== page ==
- Dates: September 2018−May 2019
- Location: Multiple locations in Minnesota and across the Midwest
- Registration: Open in summer 2018
- Why MURC? The Midwest Universities Radon Consortium (MURC) is a US Environmental Protection Agency-established trainer
Our Courses = Your Opportunities
Are you are seeking training to enter the radon profession or broaden your business opportunities to add to your radon field services? You have come to the right place! Learn from seasoned radon professionals, whether you're new to the radon profession, looking to broaden your business opportunities, or preparing to take the national proficiency exam.
"Practical conversations related to real-world experience."
~ Past MURC trainee
Founded in Cooperation with
Why MURC is Your Best Radon Training Provider
EPA-Established Training Center
The Midwest Universities Radon Consortium (MURC) is one of three US Environmental Protection Agency (EPA)-established Regional Radon Training Centers (RRTCs) founded in 1989. MURC is located at and managed by the University of Minnesota. Courses are offered in Canada and the US central and southern regions including Illinois, Indiana, Iowa, Michigan, Minnesota, Ohio, Tennessee, and Wisconsin. Kansas State University is a member of MURC and offers courses in Arkansas, Kansas, Louisiana, Missouri, Nebraska, Oklahoma, and Texas.
Our introductory radon measurement course and radon mitigation course (as well as instructors and training materials) are approved by these two certification programs: the National Radon Proficiency Program and the National Radon Safety Board.
National and International Awards
MURC and our instructors have won many national and international awards including those from the American Association of Radon Scientists and Technologists, EPA, Association of Public and Land-Grant Universities, the Housing Education and Research Association, and several Universities—no one matches our record of awards!
Our instructors have completed tens of thousands of radon measurements, mitigated well over 30,000 buildings, written EPA measurement protocols and national standards of practice, testified before Congress on radon policy, written World Health Organization radon guidance, and worked at national US laboratories.
High Exam Pass Rates
Our entry or introductory level radon measurement and radon mitigation courses produce exceptionally high national proficiency exam pass rates. Plus, our advanced continuing education courses produce new business opportunities for the radon professional, as well as pride in saving lives from the serious lung cancer risk caused by the indoor toxin radon.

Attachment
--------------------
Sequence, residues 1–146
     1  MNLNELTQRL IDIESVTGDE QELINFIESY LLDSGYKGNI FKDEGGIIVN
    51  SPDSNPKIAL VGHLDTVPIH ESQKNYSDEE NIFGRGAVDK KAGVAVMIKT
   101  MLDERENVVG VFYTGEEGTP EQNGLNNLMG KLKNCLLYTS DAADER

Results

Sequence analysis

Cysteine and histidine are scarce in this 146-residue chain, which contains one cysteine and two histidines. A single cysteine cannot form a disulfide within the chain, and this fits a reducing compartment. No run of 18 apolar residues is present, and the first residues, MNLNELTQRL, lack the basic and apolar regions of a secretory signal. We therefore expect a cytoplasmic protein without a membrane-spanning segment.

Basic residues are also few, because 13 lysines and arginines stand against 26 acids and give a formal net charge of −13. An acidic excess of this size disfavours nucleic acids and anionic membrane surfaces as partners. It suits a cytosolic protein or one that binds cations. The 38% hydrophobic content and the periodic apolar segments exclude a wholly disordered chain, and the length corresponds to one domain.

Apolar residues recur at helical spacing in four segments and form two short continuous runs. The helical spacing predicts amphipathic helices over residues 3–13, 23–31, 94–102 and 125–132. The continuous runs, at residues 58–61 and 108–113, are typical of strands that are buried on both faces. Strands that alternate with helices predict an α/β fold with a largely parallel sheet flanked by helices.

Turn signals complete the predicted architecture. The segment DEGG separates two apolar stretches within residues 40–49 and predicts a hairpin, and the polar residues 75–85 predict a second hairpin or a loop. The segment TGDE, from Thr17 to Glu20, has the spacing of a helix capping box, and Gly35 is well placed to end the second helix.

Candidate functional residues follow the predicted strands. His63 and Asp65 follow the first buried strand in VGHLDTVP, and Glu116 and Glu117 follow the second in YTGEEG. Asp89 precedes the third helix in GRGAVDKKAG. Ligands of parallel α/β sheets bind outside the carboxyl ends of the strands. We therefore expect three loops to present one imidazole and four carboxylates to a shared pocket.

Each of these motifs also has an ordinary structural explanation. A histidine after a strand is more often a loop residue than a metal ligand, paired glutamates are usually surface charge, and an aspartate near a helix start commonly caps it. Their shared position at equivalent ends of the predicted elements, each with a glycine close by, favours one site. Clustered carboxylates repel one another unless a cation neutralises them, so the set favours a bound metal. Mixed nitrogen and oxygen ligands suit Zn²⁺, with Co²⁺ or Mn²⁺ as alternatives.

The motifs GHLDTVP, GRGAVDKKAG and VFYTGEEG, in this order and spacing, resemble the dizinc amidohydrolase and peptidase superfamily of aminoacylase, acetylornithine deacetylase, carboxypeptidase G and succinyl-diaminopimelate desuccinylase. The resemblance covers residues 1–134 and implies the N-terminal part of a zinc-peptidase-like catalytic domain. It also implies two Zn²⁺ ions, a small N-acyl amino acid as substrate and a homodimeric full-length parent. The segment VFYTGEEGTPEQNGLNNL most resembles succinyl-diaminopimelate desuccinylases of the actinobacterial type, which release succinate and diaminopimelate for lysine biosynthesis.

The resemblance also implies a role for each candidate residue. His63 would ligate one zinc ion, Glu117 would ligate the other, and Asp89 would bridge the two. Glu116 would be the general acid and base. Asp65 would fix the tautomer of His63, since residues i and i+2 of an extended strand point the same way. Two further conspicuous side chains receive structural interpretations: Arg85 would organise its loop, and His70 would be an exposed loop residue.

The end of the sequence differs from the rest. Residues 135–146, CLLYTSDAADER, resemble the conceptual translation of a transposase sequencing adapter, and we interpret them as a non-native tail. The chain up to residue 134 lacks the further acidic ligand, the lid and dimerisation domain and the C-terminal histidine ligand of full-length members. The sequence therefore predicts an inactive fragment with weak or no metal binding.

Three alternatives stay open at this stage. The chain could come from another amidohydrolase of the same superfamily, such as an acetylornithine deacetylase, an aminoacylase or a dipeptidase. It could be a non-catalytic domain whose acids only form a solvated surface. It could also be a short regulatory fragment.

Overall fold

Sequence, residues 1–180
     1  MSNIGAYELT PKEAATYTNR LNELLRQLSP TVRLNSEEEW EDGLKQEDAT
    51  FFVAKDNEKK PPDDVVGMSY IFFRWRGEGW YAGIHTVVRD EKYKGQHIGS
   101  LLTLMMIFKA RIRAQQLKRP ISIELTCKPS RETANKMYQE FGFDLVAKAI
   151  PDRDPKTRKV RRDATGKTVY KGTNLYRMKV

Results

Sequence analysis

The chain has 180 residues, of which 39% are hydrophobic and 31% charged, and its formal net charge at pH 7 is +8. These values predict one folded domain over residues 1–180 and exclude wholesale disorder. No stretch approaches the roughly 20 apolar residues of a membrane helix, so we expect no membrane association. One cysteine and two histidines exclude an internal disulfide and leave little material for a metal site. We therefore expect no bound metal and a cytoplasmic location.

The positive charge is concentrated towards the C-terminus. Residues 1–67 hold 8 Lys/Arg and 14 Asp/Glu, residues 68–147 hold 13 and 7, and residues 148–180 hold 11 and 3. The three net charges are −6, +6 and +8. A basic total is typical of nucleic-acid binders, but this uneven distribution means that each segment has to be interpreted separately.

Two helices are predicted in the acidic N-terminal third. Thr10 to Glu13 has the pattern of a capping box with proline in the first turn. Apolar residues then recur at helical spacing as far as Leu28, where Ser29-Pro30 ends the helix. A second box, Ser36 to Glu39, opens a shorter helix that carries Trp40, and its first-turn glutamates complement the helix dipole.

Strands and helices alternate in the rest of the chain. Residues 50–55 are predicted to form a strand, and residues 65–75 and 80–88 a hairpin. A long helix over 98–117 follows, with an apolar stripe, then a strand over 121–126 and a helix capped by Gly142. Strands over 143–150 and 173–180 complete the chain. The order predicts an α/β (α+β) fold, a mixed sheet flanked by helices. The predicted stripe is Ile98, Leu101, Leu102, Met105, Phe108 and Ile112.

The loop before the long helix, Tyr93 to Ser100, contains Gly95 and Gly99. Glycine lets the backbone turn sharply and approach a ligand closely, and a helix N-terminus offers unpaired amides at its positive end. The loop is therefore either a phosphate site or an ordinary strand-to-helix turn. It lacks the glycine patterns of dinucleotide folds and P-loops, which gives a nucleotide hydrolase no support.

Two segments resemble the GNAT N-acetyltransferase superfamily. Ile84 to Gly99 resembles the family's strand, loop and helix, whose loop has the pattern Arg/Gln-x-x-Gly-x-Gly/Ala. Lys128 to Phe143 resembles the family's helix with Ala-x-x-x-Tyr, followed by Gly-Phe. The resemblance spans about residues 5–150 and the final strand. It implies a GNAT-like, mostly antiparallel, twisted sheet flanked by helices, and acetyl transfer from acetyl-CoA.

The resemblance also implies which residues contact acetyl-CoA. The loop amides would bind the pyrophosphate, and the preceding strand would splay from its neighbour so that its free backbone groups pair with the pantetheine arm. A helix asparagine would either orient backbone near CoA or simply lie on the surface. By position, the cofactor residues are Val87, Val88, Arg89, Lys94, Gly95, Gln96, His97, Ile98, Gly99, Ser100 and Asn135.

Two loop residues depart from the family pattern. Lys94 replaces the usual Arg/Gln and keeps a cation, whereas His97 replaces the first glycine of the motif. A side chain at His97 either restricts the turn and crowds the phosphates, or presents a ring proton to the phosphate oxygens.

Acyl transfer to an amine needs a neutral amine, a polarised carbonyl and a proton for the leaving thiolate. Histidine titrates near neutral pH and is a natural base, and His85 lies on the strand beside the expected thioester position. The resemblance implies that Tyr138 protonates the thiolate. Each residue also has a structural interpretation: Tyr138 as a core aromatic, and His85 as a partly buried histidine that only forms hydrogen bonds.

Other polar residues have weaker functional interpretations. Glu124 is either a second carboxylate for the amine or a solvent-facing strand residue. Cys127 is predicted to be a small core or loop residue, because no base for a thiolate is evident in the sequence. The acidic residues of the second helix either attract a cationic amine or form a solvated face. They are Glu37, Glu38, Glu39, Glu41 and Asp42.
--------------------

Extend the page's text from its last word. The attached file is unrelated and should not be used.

Is Radon Training Right for You?
I have no experience in home inspection, public health, building construction, plumbing, or heating. Can I take your radon measurement or mitigation course and pass the proficiency examination after the course(s)?
Yes. No matter what your background, there will be new information you need to master to pass the proficiency examination(s). Our courses are designed and our instructors are skilled to help prepare you to pass either the radon measurement or the radon mitigation examination.
How many people attend these courses?
The course sizes commonly range anywhere from 5 to 25 students. This allows for a lot of interaction and personal attention from the instructor.
Do I need to take the measurement course before taking the mitigation course?
Yes, the radon measurement course is a prerequisite to the radon mitigation course. The material covered in the measurement course is important to understanding and succeeding in the mitigation course.
Can I take the measurement course now and the mitigation course at a later time?
Yes. However, if you wait to take the mitigation course and examination, it will be very important to thoroughly review the measurement course beforehand, since 25 percent of the mitigation exam is from the measurement course. In addition, you need to take the mitigation course within 12 months of completing the measurement course to be eligible for national certification and state licensing.